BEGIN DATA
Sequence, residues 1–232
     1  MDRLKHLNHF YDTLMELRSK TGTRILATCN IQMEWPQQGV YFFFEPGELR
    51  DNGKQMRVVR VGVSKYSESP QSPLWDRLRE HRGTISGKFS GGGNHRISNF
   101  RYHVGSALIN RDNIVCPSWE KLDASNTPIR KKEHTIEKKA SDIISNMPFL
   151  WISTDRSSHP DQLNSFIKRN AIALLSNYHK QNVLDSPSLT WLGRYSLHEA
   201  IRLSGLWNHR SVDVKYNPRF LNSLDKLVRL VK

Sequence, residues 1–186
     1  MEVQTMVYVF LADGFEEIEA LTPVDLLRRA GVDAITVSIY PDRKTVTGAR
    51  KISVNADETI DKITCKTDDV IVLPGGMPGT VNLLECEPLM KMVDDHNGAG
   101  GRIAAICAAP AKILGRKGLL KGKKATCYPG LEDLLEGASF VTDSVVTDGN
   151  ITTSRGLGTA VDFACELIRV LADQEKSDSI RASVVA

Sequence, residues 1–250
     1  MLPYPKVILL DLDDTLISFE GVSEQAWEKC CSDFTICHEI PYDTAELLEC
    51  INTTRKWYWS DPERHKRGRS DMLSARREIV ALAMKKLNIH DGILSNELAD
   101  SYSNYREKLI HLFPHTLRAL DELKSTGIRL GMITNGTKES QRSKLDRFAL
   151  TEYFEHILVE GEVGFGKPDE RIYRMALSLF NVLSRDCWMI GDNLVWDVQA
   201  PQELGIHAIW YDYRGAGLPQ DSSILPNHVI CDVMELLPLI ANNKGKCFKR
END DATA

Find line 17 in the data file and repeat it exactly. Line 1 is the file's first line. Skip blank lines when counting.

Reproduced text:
   201  PQELGIHAIW YDYRGAGLPQ DSSILPNHVI CDVMELLPLI ANNKGKCFKR